Chlorosis is caused by deficiency of some elements in soil, especially iron; will cause yellow leaves or yellow areas on leaves to appear. Treatment of iron chelate to the foliage or soil or both is usually advised.
Bud drop
Bud drop results from growing in an unfavorable environment. The tips of young buds and edges of petals turn brown and decay or drop off completely.
If your plant is indoors, bud drop is usually from over watering, insufficient light, high temperature or pot-bound roots.
Outdoor plants may drop buds during severe frost or freezing. Bud drop may result from lack of adequate water. Always water when necessary.
Leaves or bark frequently become encrusted with hard-shelled insects. They feed on plant juices and cause injury or death. The most common of all species are tiny, flat, and yellow. They can sometimes be seen crawling on leaves in the summer. Always treat with the proper insecticides. Characteristics of adult scales are as follow:
Tea scale: Brownish shell, about 1-inch long, yellow blotches on upper leaf surfaces; infested leaves drop off prematurely.
Peony scale: Grayish brown, grows to about 1/10-inch, burrows between the bark of twigs and stems, and feeds on the plant juices. Infested areas swell, later sink; small green stems die quickly. Produces one generation of young per season; other scale species produce several generations each season.
Wax scale: Reddish-brown body with a white, thick or slightly pink waxy coating, about one-third inch long. Causes stunting or dying of plant. When in the crawler stage, spray leaves and twigs with appropriate insecticides three times or more at 10-15-day intervals—begin in May or June; some species can be controlled in the summer months.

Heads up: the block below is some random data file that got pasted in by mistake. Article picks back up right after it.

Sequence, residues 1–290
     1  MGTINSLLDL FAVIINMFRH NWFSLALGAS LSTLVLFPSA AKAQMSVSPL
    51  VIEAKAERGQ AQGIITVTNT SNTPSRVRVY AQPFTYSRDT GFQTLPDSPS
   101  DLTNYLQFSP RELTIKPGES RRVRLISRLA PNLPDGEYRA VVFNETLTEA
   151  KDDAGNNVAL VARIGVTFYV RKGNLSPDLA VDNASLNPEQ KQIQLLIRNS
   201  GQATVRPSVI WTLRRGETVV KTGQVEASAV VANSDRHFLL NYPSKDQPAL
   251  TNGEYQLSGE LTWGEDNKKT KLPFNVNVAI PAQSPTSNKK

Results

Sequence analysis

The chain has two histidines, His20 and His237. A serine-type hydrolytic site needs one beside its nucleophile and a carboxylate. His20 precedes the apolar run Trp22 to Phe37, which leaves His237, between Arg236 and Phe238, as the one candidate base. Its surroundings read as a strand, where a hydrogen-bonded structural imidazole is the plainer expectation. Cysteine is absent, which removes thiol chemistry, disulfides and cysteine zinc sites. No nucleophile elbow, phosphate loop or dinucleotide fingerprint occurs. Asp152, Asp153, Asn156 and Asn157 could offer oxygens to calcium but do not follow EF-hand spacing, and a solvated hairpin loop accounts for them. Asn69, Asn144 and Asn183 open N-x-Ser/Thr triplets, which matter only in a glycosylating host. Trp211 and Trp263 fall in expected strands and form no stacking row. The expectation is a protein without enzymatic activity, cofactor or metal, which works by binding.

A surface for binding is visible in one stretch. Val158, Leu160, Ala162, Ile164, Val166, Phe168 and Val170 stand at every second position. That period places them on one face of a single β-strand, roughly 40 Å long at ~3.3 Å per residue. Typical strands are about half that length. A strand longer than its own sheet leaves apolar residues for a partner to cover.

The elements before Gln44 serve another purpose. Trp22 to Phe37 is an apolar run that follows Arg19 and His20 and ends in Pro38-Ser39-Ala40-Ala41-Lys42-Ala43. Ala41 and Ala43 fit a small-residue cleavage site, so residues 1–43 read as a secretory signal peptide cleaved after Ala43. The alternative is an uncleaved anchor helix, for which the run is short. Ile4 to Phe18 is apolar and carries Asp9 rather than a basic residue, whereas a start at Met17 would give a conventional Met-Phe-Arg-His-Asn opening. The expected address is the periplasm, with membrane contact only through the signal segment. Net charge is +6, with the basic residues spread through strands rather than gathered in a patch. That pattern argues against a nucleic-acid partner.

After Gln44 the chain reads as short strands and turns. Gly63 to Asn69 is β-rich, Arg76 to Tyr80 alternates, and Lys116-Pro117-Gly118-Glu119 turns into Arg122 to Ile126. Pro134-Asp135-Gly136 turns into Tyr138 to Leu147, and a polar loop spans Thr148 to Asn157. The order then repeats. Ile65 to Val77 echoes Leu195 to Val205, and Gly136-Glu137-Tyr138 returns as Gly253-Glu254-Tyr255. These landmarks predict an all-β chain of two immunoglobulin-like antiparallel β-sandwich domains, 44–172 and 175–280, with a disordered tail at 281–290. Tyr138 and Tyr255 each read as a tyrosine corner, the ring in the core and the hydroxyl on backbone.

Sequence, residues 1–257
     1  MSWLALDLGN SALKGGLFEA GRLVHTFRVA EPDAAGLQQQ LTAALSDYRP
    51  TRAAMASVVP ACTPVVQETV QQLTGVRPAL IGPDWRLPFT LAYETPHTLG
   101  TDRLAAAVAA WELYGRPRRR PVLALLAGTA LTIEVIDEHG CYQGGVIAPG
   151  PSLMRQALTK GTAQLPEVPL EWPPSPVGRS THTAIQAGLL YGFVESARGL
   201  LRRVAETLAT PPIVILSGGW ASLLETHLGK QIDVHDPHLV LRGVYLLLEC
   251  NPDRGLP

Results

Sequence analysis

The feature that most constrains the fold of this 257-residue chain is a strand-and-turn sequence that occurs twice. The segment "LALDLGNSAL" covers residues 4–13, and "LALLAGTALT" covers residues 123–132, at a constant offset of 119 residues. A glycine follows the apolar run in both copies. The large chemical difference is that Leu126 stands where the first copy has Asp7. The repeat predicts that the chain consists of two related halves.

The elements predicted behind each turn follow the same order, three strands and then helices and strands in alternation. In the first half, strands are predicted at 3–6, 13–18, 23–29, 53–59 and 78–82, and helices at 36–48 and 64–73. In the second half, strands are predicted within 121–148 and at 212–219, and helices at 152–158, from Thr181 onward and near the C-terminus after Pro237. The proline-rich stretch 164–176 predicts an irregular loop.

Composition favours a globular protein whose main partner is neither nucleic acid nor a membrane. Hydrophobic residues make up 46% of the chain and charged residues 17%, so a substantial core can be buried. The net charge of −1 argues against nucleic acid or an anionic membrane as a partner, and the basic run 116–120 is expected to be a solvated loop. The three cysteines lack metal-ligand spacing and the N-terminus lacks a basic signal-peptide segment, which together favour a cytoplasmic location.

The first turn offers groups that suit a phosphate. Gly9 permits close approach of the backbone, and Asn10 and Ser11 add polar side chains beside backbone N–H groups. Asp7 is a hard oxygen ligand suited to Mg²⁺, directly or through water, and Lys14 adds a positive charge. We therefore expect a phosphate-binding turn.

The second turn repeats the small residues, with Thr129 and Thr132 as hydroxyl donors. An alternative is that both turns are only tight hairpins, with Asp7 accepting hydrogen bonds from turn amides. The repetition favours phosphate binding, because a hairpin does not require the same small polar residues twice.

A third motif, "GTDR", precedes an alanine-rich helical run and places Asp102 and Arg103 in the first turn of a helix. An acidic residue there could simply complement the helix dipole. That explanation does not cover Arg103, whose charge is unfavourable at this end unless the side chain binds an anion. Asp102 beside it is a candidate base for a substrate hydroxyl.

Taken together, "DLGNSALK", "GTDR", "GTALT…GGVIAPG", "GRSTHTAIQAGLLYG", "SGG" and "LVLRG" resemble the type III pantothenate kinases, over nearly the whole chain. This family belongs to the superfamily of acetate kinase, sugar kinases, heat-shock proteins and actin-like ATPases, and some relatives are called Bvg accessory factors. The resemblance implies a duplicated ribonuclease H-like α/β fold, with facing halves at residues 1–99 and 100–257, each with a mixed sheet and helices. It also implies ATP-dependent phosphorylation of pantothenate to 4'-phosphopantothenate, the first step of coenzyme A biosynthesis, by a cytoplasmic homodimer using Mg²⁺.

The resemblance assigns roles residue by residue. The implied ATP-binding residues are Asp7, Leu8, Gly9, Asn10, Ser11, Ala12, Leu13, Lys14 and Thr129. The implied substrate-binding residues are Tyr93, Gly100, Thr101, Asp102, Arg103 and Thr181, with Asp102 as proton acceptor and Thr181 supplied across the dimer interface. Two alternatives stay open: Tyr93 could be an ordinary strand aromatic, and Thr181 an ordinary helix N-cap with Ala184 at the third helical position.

Adult whiteflies are tiny; they have pale yellow bodies and white powdered wings. The young feed on underleaf and cause black, sooty deposits.
Mealybugs are oval or elongated about one-fifth inch, with a white waxy or mealy covering. Black sooty mold on leaves followed by wilting and dying of the leaves is a sign of their infestation. They are found in clusters along the veins and undersides of leaves or in crotches of twigs. They secrete a sticky honeydew that attracts ants; the ants feed on the honeydew and spread the mealybugs to other plants.
Fuller Rose Beetle
Fuller Rose Beetles leave black excrement on the leaves and eat notches in the leaf margins. This is a common pest in the South. The adult beetle has a brown or grayish body, about 3/8-inch long and a white diagonal stripe across each side.
The sign of the common red mite is leaves that speckle and turn rusty brown.
The dark red pest is common throughout the South. It will attack both upper and lower leaf surfaces. It lays shiny eggs that look like red peppers.
Feeding injury starts in April and ends in the fall. Injured leaves do not recover, but control measures will prevent injury to new growth.
For more information on camellias, contact your local Cooperative Extension Service.

Send your gardening questions or comments to: Brunswick County Master Gardener Column, P.O. Box 109, Bolivia, NC 28422, or call 253-2610. Enclose a self-addressed stamped envelope if requesting information or a reply. Answers may be printed in this column.